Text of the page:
The monetary value of patient-centred care: results from a discrete choice experiment in Dutch fertility care.Hum Reprod 2014; 29(8):1712-20HR
What are patients and insurers willing to pay for different aspects of fertility care, with a particular focus on patient-centredness?
In fertility care, both patients and health insurers place a high value on patient-centred factors, also when taking into account the effectiveness of fertility care. WHAT IS KNOWN ALREADY?: The benefit patients derive from fertility treatment may arise from several aspects of their care, such as the effectiveness, safety or patient-centred factors. Patient-centredness is recognized as an important, multi-dimensional concept, including domains on the organizational level (e.g. information provision) and on the human level (e.g. patient involvement).
STUDY DESIGN, SIZE, AND DURATION
We performed a discrete choice experiment (DCE) within 32 Dutch fertility clinics and five large health insurance companies in the Netherlands. A total of 996 infertile patients who underwent at least one treatment cycle for their fertility problem and 84 healthcare insurers participated in the study which was executed in the summer of 2012.
PARTICIPANTS/MATERIALS, SETTING, METHODS
All participating patients and health insurers completed a DCE about their preferences in fertility care regarding the effectiveness, patient-centredness of care and additional costs. Logistic regression analysis was subsequently used to determine what both patients and health insurers were willing to pay for a one-step increase in patient-centred care and 1% higher pregnancy rates.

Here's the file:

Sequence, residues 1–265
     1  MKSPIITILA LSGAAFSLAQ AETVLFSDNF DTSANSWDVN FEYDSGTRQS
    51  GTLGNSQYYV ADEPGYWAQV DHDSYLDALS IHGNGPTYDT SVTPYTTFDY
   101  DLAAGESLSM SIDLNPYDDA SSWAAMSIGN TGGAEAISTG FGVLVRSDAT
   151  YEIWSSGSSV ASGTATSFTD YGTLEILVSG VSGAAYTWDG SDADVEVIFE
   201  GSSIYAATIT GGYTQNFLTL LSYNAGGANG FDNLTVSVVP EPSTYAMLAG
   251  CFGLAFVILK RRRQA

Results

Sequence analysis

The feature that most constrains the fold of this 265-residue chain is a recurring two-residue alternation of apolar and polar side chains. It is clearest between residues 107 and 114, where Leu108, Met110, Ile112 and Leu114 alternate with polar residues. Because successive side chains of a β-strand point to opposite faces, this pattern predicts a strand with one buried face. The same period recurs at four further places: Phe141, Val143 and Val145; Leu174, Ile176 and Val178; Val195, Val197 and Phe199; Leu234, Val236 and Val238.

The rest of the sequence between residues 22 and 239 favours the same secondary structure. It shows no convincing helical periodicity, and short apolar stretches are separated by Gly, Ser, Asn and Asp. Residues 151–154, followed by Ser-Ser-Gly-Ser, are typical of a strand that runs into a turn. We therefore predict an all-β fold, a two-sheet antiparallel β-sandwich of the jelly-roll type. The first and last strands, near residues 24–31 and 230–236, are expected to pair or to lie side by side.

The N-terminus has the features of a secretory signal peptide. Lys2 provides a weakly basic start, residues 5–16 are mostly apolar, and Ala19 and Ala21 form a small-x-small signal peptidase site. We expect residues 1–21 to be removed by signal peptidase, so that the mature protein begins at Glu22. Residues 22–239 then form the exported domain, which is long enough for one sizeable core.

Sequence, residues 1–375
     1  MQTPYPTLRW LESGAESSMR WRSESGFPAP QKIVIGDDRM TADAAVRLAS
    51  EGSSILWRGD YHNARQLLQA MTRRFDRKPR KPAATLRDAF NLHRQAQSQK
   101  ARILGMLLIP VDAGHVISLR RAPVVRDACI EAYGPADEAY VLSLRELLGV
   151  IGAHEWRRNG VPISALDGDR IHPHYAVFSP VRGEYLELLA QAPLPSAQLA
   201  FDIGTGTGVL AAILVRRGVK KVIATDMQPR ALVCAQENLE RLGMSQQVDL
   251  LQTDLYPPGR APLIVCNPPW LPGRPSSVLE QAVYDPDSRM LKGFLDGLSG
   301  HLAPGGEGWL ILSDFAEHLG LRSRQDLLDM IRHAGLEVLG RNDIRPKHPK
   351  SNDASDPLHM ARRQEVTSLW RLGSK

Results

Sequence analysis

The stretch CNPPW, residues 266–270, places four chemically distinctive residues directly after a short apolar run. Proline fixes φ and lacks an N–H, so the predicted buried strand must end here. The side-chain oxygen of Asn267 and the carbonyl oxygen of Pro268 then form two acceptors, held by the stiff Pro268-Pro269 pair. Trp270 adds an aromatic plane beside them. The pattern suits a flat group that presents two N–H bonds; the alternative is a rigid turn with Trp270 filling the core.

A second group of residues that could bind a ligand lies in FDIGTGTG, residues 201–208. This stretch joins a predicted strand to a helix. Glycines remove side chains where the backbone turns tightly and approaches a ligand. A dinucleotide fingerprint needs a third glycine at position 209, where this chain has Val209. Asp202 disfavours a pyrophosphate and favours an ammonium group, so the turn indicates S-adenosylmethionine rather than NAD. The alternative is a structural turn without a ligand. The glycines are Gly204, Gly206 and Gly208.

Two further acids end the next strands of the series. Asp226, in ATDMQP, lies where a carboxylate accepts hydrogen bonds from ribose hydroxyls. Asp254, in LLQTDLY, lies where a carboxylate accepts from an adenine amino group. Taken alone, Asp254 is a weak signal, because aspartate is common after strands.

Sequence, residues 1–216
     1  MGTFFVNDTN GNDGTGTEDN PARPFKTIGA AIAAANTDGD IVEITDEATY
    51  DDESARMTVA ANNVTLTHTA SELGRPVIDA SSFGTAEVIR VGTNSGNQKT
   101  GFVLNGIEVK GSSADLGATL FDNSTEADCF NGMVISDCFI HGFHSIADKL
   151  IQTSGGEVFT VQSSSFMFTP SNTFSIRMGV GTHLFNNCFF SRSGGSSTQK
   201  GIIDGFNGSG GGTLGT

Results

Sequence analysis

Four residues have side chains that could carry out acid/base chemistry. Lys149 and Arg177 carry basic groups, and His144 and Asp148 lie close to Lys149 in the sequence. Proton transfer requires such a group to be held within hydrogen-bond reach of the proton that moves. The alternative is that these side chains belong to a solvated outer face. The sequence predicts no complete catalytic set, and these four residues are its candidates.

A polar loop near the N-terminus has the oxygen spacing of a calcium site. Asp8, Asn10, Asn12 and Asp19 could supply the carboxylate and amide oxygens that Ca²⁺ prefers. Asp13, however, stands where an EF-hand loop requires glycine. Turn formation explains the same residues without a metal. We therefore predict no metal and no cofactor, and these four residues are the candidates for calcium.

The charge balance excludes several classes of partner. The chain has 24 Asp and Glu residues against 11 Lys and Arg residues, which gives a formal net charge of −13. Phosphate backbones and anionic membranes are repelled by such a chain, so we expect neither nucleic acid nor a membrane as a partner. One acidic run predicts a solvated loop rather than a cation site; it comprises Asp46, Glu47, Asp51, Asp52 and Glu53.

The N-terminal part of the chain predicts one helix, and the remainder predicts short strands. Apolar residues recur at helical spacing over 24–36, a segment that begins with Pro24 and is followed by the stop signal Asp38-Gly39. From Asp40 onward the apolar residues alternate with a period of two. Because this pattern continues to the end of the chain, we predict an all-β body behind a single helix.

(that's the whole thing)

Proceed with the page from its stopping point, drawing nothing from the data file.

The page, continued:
MAIN RESULTS AND THE ROLE OF CHANCE
Five hundred and fifty patients (55.2%) and 45 healthcare insurers (53.6%) completed the DCE questionnaire. Patients were willing to pay a median amount of €463 for a relevant one-step increase in patient-centred care and €107 for 1% increase in pregnancy rates. Healthcare insurers' valuations were lower: €191 for more patient-centred care and €60 for 1% increase in pregnancy rates. The willingness-to-pay values depended on patients' age, patients' ethnicity, income, and treatment type and on health insurers' age.
LIMITATIONS, REASONS FOR CAUTION
An important limitation of a DCE study is that other attributes, that were not included in our study, are relevant as well. Therefore, our study participants might make other choices in real life compared with our hypothetical DCE scenarios. We tried to prevent this potential bias by selecting the most important attributes from the literature, using the input of an expert panel and performing a pilot study to test the validity of our questionnaire.
WIDER IMPLICATIONS OF THE FINDINGS
This study emphasizes the importance of patient-centredness aspects of care for both infertile patients and their insurers. Therefore, efforts by policymakers and clinicians to improve these aspects of care would increase the overall value patients derive from their fertility treatment. Moreover, although insurers placed a lower monetary value on patient-centredness aspects than patients, it is arguable that insurers' purchasing decisions should be guided by patient rather than insurer preferences. Finally, given the relatively high monetary value patients place on patient-centred aspects of their fertility care, there may be a willingness to allow for some optional co-payments for this quality of care dimension.
STUDY FUNDING/COMPETING INTERESTS
This work was supported by Merck Sharp and Dohme, the Netherlands. No competing interests declared.
TRIAL REGISTRATION NUMBER
Clinical Trials NCT01834313.